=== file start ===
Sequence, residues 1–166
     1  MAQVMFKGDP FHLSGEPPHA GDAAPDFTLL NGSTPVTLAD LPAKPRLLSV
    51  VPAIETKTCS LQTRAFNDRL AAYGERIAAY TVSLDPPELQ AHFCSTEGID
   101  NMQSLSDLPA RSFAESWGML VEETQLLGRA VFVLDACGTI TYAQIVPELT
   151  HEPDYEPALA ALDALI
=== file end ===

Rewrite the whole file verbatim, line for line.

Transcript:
Sequence, residues 1–166
     1  MAQVMFKGDP FHLSGEPPHA GDAAPDFTLL NGSTPVTLAD LPAKPRLLSV
    51  VPAIETKTCS LQTRAFNDRL AAYGERIAAY TVSLDPPELQ AHFCSTEGID
   101  NMQSLSDLPA RSFAESWGML VEETQLLGRA VFVLDACGTI TYAQIVPELT
   151  HEPDYEPALA ALDALI